Title: The Graveyard Book
Author: Neil Gaiman
Enjoyment Rating: *****
Content Alert: On the scary side
When I had the chance to read Neil Gaiman’s The Graveyard Book, I picked it up eagerly, since I’d heard great things about Gaiman as an author, but never taken the chance to read one of his novels. He narrates the audiobook, and his voice is one of the best things about the recording. The Graveyard Book tells the story of Nobody (Bod) Owens, who toddled out of his house in the middle of the night when a murderer was killing the rest of the family. The baby wandered into the graveyard up the hill, where the members of the graveyard (mostly ghosts, with a witch, a hellhound and a vampire thrown in for good measure) took on the task of raising him to adulthood while protecting him from the murderer, who needed to finish the job.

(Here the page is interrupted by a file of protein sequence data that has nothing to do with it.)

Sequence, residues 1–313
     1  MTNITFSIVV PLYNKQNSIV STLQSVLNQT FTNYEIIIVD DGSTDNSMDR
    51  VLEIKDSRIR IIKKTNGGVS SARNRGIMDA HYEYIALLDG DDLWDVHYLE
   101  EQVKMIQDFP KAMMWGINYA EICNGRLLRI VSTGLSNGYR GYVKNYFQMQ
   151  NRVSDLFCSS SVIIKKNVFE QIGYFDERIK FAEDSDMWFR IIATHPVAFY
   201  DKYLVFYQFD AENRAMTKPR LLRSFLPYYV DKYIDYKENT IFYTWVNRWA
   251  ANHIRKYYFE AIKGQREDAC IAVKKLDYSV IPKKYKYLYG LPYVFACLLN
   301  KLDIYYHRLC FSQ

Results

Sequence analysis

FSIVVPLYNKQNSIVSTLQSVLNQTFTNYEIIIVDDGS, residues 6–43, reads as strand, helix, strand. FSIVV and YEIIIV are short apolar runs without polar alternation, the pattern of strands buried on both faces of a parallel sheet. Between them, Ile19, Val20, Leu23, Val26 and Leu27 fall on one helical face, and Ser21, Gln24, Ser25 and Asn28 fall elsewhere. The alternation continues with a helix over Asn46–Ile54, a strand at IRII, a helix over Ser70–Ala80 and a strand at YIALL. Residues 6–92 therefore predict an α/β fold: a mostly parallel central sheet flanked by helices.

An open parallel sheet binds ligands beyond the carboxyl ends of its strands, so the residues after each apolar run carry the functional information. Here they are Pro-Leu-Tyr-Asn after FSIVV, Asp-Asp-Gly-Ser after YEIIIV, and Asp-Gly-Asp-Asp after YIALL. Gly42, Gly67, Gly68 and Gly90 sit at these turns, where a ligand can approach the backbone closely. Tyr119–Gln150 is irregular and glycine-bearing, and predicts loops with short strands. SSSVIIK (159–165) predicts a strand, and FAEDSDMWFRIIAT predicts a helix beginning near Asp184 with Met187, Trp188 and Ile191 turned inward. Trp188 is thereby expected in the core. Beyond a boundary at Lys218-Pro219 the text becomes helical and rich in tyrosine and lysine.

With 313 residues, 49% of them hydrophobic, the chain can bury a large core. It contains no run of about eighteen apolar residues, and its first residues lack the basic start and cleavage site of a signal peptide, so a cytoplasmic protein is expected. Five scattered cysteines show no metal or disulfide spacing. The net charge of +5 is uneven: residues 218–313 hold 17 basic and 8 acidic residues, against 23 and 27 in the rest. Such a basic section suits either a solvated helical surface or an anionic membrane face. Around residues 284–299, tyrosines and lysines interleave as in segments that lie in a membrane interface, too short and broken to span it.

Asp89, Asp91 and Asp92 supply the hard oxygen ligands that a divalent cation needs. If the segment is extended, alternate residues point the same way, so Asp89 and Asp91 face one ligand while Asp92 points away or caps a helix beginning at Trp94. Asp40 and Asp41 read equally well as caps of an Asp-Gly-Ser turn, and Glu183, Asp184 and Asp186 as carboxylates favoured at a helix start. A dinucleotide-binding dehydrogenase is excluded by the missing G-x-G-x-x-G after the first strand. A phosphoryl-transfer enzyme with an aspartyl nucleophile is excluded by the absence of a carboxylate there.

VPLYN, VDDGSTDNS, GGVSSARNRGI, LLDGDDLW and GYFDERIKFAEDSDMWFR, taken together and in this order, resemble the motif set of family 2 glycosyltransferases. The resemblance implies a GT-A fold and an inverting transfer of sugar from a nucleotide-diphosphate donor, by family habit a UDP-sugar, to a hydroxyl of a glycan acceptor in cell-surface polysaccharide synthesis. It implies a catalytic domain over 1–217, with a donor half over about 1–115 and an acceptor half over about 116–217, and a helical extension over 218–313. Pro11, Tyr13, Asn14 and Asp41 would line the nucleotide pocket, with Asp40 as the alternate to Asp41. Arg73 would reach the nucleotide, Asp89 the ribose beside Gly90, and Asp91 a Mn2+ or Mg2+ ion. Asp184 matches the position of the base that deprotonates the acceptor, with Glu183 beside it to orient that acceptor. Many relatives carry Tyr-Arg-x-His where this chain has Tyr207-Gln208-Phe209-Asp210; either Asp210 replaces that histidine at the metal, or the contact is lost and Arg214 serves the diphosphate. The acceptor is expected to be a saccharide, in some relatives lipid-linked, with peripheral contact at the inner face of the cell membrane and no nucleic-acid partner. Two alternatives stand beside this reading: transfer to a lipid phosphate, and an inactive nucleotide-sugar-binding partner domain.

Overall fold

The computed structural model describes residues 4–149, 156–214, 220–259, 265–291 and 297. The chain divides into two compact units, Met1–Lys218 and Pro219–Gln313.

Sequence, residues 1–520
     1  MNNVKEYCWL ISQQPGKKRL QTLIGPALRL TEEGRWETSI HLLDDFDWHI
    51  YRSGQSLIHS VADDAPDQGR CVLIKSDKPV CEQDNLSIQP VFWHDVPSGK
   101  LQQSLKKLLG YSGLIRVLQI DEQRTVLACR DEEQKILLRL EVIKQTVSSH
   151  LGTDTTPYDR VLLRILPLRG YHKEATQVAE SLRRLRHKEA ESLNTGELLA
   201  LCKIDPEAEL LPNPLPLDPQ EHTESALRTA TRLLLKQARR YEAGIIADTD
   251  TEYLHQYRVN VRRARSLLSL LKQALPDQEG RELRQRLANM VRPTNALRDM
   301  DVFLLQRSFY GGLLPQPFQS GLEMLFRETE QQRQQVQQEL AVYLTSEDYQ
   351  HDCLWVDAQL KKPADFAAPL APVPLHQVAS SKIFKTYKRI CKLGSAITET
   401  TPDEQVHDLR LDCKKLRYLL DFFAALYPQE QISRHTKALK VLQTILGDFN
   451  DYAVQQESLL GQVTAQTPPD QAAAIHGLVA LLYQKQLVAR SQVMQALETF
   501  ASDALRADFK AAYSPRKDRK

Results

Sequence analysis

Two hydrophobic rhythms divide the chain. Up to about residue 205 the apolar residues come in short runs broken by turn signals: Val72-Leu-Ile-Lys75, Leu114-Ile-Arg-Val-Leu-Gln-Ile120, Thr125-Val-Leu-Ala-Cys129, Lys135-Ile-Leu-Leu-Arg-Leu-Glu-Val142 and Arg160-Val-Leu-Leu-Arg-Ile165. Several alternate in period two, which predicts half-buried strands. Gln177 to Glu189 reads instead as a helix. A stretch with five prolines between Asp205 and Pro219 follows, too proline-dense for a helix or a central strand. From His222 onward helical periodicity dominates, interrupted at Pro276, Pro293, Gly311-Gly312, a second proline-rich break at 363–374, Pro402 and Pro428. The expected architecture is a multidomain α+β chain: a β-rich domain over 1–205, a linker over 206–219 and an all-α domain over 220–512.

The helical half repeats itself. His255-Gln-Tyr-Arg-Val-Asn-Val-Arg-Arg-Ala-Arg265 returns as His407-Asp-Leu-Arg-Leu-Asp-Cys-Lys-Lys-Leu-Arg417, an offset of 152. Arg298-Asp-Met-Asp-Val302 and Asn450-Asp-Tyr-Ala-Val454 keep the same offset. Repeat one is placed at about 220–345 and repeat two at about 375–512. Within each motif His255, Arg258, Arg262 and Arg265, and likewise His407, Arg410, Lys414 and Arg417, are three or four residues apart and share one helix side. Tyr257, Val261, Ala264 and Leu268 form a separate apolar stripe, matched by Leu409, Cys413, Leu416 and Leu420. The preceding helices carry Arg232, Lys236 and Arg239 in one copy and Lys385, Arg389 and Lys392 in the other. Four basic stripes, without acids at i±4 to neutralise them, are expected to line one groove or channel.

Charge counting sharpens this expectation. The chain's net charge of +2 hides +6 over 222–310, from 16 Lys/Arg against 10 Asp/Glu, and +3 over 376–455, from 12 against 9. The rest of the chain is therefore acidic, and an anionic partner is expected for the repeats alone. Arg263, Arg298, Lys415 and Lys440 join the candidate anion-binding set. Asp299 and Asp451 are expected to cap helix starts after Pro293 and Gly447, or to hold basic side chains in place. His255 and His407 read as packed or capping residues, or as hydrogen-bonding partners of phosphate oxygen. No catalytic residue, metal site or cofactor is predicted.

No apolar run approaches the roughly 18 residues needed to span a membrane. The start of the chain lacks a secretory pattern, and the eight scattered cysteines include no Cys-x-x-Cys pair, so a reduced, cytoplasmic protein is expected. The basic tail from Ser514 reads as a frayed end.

As I listened to the book, I was struck by the way that Gaiman employed Chekov’s idea of “the gun on the wall” in which parts of the story that seem extraneous should eventually work toward advancing the plot or else be cut. For five or six chapters, seemingly random things happen to Bod as he grows up in the graveyard, and I was impressed with the way that Gaiman worked together the disparate events in the concluding chapters. It was a really interesting read. It’s funny though, the book is marketed for 9-12 year olds, and I have two kids who read in that age group, and I think that The Graveyard Book would scare the pants off them. It scared me. Maybe the audio recording is more dramatic and scarier than reading the text, but I’m not sure that I’d recommend it for my kids right now, not unless I want them sleeping in my bed with me for the next few months.